ROXBURY, NJ – A former Mount Arlington councilman and a former Morris County freeholder are among five current and former public officials and political candidates in New Jersey charged with taking bribes, officials announced today.

The charges against former Mount Arlington Councilman John Windish and former Morris County Freeholder John Cesaro – along with those against former Morris County freeholder candidate Mary Dougherty, Jersey City School Board President Sudhan Thomas and former State Assemblyman Jason O’Donnell – are the result of “a major investigation of political corruption in Hudson and Morris counties,” said state Attorney General Gabir Grewal in a statement.

“The five defendants are charged with taking thousands of dollars in bribes from a cooperating witness in the form of campaign contributions,” Grewal announced. “In return, the defendants allegedly promised the cooperating witness, who is a tax attorney, that they would vote or use their official authority or influence to hire or continue to hire his law firm for lucrative government legal work.”

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Grewal said the bribes were delivered in all sorts of ways.

“Envelopes and paper bags filled with cash – and even a coffee cup stuffed with cash – were delivered to the defendants by the cooperating witness at restaurants, parking lots, a political fundraiser and a campaign headquarters,” he said. “Other times the cooperating witness offered checks from illegal ‘straw donors’ – individuals reimbursed to write checks to the defendant’s campaign in amounts that complied with the legal limit on individual donations.”

All the defendants were charged with second-degree bribery in official and political matters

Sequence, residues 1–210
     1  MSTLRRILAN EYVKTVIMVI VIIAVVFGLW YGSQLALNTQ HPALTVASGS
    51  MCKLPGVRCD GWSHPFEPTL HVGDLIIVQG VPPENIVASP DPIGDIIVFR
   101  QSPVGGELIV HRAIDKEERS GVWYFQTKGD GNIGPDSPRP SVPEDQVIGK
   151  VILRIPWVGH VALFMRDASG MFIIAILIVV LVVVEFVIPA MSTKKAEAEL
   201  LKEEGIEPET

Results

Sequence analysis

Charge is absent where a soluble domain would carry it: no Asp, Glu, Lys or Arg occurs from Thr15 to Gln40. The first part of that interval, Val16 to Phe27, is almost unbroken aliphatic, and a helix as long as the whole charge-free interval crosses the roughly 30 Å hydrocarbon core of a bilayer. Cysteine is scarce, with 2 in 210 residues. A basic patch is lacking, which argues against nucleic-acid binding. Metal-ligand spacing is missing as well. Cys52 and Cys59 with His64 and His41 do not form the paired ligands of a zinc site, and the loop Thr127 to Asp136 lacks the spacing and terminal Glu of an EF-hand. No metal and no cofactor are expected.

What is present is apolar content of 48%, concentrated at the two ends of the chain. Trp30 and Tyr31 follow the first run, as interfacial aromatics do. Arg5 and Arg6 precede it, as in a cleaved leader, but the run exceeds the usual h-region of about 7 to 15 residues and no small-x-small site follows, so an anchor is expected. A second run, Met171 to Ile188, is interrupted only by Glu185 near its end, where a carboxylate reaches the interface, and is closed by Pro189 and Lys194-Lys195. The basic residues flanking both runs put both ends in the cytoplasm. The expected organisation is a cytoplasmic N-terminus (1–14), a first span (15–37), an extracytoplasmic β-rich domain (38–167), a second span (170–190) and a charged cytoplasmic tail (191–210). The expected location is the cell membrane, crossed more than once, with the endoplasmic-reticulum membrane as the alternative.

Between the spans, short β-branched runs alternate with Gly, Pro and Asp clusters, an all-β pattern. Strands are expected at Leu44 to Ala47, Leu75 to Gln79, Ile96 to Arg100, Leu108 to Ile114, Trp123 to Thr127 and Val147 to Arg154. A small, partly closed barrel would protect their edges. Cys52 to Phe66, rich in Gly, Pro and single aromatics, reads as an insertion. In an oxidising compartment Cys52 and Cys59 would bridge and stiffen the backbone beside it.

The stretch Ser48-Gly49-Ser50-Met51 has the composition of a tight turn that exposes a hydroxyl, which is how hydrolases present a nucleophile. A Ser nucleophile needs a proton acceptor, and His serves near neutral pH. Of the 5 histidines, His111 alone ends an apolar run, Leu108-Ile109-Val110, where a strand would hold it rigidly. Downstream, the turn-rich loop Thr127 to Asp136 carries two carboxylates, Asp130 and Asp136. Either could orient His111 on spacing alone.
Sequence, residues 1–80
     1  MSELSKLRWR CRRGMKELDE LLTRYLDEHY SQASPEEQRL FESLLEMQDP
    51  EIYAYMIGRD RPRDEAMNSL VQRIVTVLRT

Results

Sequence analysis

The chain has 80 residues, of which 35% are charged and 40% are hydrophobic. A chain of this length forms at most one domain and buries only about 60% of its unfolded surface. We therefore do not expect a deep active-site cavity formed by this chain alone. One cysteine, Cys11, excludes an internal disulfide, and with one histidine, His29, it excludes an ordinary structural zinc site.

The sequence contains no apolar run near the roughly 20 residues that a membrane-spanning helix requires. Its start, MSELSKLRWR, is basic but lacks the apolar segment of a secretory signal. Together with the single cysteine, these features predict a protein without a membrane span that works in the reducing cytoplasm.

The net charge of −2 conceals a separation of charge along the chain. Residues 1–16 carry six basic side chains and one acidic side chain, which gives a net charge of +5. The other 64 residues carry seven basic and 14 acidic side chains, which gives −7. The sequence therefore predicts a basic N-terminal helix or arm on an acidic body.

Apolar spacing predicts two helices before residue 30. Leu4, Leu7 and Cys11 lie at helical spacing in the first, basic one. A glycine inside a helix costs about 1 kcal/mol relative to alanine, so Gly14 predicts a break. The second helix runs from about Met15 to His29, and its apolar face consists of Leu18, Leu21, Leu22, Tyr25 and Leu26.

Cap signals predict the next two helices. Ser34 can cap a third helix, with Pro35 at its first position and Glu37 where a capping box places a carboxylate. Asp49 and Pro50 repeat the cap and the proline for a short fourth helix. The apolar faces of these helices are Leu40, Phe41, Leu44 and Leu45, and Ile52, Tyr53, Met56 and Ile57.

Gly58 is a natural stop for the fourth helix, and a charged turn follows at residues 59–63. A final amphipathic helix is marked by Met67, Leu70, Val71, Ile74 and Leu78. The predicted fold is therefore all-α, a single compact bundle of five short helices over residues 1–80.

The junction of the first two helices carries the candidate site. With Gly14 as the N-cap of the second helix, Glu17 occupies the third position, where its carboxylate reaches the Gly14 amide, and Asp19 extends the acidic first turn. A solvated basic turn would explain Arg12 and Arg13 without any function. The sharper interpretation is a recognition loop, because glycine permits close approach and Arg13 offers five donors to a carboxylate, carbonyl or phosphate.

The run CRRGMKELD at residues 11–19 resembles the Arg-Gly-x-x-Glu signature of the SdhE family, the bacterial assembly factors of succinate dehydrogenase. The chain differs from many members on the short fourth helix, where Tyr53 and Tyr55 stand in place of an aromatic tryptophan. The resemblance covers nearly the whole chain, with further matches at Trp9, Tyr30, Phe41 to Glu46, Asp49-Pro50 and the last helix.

The people who held public office at the time - Thomas, Cesaro and Windish – also face charges of second-degree acceptance or receipt of unlawful benefit by a public servant for official behavior, according to the attorney general.

‘I Need Work’

Authorities accuse Windish of accepting a $7,000 cash bribe. They said he “solicited cash from the cooperating witness for his unsuccessful bid for re-election to borough council in June 2018,” adding that, in return, Windish promised he would support the reappointment of the cooperating witness as Mount Arlington’s borough attorney.

When the cash was delivered in May 2018, the cooperating witness told Windash the reappointment was vital because he needed “more work,” according to the state. Windash responded, “You got it,” Grewal contended.

Checks, please

Former Morris County Freeholder John Cesaro solicited contributions from the cooperating witness for his 2021 campaign for Mayor of Parsippany-Troy Hills, according to the attorney general. He said Cesaro accepted bribes from the cooperating witness “in return for which he promised to secure more tax work from Morris County for the cooperating witness and make him tax counsel for Parsippany-Troy Hills if elected,” Grewal said.

“Cesaro allegedly accepted an envelope containing $10,000 in cash and $2,350 in checks from the cooperating witness, but later returned the cash, asking the cooperating witness to replace it with checks,” said the attorney general. “The two allegedly discussed using ‘straw donors. Under New Jersey election law, it is illegal for a person to provide money to another person, known as a ‘straw donor,’ to make a political contribution to a specific candidate.”

Grewal said Cesaro subsequently accepted two checks for $2,600 each – the individual limit for contributions per election per candidate. He said the cooperating witness described the money as his straws, along with another check for $150.

According to Grewal, the two man had the following conversation prior to the delivery of the bribe money: